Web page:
Many footballing countries around the globe allow their clubs to use artificial pitches out of necessity – harsh weather, be it hot or cold, combined with a lack of resources meaning that synthetic surfaces are a no-brainer. It was a methodology tapped into by a handful of English clubs in the eighties – notably QPR, Preston, Oldham and Luton Town.

There were no rules against it at the time, so the quartet installed various versions of artificial pitches at their home stadium – QPR, for example, opted for a system called OmniTurf, which was a layer of synthetic grass on top of a foundation of tarmac. Good luck making a sliding tackle on that!

The slowness of the surface, and the unique high bounce it created, became something of a competitive advantage for those playing 50% of their games on it. QPR won the Second Division in 1982/83 and then finished fifth in their maiden First Division campaign, while Luton Town won the League Cup with a plastic pitch at Kenilworth Road – beating Coventry City, Oxford United and Bradford City on home soil on their way to the final at Wembley.

This ‘advantage’ was antagonising other clubs, who called for artificial pitches to be banned. Their wish was the FA’s command, and by 1995 they were gone from the English game (at the top levels) for good). FIFA remain more supportive of synthetic pitches than the FA was. They won’t allow a stadium with an artificial surface to host a major final, but they are yet to ban them outright – and some decent clubs, like Lorient and Nancy in France and former Italian Serie A outfit Cesena, play their home games exclusively on artificial grass.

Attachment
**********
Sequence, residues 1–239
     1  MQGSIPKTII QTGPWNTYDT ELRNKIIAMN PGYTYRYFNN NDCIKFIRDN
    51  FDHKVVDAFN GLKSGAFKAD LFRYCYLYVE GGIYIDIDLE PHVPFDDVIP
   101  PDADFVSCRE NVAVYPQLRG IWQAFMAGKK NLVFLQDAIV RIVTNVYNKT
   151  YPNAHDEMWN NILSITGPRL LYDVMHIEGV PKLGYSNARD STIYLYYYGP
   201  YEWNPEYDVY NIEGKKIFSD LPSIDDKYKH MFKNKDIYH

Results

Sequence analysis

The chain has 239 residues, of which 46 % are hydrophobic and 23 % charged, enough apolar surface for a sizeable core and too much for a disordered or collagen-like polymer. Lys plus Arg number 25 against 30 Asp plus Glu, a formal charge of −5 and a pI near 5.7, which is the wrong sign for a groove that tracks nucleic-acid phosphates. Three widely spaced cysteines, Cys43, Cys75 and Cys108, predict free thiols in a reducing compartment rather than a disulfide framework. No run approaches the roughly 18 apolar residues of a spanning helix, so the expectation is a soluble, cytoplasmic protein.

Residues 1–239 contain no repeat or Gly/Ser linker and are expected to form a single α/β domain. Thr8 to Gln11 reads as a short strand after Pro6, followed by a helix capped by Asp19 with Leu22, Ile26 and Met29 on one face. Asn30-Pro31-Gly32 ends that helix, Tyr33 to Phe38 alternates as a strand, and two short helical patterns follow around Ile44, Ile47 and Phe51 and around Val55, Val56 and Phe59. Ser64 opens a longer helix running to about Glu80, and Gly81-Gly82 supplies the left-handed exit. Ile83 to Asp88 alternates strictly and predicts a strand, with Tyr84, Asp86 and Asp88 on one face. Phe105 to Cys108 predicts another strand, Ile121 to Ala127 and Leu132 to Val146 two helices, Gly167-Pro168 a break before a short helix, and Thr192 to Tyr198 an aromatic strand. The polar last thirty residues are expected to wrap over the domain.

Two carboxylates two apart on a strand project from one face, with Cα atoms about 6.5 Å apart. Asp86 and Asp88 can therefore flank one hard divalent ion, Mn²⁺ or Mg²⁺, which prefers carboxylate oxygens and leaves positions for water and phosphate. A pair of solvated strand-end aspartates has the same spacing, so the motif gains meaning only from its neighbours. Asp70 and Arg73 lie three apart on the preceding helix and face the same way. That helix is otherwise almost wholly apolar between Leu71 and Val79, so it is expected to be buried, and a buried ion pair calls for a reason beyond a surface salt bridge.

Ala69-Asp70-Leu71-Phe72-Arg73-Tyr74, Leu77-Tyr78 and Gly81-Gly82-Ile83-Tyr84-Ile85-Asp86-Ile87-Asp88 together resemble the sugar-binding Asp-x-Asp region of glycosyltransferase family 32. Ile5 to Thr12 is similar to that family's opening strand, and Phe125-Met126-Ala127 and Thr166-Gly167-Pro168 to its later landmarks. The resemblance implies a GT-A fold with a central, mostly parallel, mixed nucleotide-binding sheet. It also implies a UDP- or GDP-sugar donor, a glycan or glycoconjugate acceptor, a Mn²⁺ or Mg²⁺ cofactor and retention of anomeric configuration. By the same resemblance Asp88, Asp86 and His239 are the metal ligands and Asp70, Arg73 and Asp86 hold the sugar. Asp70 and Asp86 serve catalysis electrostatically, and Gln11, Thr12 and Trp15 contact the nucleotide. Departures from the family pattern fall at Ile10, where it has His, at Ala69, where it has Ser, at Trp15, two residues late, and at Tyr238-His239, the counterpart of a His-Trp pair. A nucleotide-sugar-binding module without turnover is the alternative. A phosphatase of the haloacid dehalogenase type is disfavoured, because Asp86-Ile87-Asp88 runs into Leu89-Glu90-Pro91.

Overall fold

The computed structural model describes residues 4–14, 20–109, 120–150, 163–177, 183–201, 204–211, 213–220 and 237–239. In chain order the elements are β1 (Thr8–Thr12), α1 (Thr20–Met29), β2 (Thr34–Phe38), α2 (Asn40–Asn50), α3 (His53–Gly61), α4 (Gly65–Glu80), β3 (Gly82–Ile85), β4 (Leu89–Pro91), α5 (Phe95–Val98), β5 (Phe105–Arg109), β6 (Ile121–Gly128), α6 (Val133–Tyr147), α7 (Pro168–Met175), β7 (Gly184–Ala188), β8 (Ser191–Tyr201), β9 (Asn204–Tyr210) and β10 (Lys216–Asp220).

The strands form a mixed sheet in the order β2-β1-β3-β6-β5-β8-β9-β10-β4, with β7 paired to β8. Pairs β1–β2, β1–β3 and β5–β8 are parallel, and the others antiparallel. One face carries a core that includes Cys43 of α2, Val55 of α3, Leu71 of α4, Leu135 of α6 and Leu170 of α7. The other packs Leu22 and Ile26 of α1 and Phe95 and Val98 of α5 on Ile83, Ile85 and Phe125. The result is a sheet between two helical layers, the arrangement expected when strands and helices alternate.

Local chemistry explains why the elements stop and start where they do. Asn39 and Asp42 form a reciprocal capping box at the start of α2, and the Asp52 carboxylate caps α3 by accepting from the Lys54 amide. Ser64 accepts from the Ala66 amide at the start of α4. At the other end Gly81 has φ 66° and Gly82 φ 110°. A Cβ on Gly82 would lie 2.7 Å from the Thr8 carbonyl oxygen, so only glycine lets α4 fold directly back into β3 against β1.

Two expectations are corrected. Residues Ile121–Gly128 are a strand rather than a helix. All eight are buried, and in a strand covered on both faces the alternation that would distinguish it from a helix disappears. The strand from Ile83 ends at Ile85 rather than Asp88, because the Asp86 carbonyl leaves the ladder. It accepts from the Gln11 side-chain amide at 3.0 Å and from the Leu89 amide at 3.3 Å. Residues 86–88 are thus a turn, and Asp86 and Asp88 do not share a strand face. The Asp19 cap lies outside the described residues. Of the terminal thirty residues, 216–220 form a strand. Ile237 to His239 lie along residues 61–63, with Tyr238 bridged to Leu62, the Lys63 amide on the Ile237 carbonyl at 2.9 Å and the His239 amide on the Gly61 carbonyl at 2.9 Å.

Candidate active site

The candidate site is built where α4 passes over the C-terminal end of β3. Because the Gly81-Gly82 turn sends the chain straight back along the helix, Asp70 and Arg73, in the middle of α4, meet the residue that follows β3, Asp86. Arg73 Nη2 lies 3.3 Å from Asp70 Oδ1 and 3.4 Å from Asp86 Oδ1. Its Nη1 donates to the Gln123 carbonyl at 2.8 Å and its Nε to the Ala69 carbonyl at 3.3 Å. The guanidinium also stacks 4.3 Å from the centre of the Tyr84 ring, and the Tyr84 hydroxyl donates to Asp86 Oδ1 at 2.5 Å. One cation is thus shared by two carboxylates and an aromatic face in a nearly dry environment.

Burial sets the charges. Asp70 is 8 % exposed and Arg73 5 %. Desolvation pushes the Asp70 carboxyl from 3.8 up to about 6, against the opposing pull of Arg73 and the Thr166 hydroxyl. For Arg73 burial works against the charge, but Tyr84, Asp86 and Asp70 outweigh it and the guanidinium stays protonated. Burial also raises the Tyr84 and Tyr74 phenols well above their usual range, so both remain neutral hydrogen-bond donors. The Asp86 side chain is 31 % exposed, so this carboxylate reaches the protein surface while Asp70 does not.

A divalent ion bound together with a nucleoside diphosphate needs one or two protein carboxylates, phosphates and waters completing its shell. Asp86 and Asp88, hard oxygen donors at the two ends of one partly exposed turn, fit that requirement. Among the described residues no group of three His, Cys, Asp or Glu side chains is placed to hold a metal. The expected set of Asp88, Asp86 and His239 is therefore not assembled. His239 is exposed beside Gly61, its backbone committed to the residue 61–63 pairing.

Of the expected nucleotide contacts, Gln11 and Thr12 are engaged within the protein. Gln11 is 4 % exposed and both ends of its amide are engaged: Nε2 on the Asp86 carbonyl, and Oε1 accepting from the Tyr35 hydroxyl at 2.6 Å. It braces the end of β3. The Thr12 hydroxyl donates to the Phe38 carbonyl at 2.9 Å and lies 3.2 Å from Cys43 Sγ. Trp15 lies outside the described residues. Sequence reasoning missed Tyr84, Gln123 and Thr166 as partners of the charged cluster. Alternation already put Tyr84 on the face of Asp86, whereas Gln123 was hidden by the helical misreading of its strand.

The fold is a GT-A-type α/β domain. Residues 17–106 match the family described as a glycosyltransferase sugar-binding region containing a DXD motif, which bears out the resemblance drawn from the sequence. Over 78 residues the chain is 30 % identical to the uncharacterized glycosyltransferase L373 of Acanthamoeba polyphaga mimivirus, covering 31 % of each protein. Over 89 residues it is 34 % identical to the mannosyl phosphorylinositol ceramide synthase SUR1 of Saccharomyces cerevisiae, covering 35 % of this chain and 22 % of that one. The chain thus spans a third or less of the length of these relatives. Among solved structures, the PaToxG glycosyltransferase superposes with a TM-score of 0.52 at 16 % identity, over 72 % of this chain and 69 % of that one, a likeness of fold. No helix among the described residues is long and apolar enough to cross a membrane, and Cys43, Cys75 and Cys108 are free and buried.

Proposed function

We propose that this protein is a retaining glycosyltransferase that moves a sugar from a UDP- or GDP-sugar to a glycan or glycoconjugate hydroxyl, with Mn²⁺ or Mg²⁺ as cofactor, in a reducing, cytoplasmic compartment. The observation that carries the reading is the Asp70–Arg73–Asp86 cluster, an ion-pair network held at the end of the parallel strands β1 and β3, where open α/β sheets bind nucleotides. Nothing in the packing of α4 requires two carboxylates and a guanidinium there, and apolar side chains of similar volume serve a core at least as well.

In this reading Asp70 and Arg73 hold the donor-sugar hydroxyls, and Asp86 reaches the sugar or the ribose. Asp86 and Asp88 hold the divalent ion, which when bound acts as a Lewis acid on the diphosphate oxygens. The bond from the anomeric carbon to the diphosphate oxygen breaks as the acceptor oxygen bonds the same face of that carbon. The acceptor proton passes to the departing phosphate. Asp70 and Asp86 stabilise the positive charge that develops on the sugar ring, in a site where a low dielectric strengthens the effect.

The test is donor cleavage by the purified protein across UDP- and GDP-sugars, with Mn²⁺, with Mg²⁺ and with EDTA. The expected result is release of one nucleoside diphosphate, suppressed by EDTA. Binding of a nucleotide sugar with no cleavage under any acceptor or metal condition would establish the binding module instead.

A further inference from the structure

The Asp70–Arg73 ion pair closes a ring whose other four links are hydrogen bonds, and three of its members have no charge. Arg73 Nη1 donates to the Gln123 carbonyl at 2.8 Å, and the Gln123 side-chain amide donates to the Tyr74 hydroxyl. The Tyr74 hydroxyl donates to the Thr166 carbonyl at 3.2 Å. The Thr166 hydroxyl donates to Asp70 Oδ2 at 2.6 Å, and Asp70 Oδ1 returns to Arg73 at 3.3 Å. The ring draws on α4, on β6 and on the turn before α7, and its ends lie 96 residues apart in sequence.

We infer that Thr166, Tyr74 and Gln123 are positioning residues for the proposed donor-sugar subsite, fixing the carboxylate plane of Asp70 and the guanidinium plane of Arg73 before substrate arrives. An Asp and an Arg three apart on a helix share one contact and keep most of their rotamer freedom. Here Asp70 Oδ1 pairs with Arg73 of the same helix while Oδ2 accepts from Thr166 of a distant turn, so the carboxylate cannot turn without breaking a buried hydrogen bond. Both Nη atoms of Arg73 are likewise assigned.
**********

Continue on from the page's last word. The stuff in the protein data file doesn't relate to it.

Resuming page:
Hybrid Style

Luzhniki Stadium
Luzhniki Stadium (

The Luzhniki Stadium, which has become Russia’s national sporting venue of choice, has achieved a notable first – being recognised by UEFA with elite status first with an artificial pitch, in 2002, and then with a unique hybrid surface in 2016. The playing surface at the venue is said to be 95% natural grass, with the remaining 5% made up of synthetic fibres – a material designed by the company SISGrass.

This model has become increasingly in demand, with a number of Premier League clubs choosing to install a hybrid pitch of their own – these largely grass-based surfaces don’t breach the ban on the use of artificial pitches.

Bournemouth were the first to call upon the services of SISGrass back in 2016, with their pitch using a similar 95% natural system bolstered by ‘yarn’ stitched directly into the ground. By 2022, a number of Premier League clubs had followed in the Cherries’ wake, with Liverpool choosing a ‘carpet’ style pitch to be installed at Anfield.

Apparently, the synthetic fibres – similar to those used in carpets – act as a reinforcement for the natural grass ‘….by holding polyethylene fibres at the carpet base to a height of 45mm to be retained in the grass sward. It is then in-filled with sand, which is carefully selected to deliver optimal drainage and playing performance.’ And it certainly hasn’t stopped them from playing winning football on Merseyside.